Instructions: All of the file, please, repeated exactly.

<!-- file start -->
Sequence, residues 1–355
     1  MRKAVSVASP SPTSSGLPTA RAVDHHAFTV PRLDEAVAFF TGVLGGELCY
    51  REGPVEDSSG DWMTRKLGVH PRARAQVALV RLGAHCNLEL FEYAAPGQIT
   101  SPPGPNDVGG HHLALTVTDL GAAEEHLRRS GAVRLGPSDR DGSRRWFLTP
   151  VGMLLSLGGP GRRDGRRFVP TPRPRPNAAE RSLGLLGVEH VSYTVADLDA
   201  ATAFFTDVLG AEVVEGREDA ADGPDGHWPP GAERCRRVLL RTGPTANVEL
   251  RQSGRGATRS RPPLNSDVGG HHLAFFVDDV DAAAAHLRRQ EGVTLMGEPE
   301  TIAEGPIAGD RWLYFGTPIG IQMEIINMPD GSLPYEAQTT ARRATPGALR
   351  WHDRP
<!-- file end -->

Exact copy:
Sequence, residues 1–355
     1  MRKAVSVASP SPTSSGLPTA RAVDHHAFTV PRLDEAVAFF TGVLGGELCY
    51  REGPVEDSSG DWMTRKLGVH PRARAQVALV RLGAHCNLEL FEYAAPGQIT
   101  SPPGPNDVGG HHLALTVTDL GAAEEHLRRS GAVRLGPSDR DGSRRWFLTP
   151  VGMLLSLGGP GRRDGRRFVP TPRPRPNAAE RSLGLLGVEH VSYTVADLDA
   201  ATAFFTDVLG AEVVEGREDA ADGPDGHWPP GAERCRRVLL RTGPTANVEL
   251  RQSGRGATRS RPPLNSDVGG HHLAFFVDDV DAAAAHLRRQ EGVTLMGEPE
   301  TIAEGPIAGD RWLYFGTPIG IQMEIINMPD GSLPYEAQTT ARRATPGALR
   351  WHDRP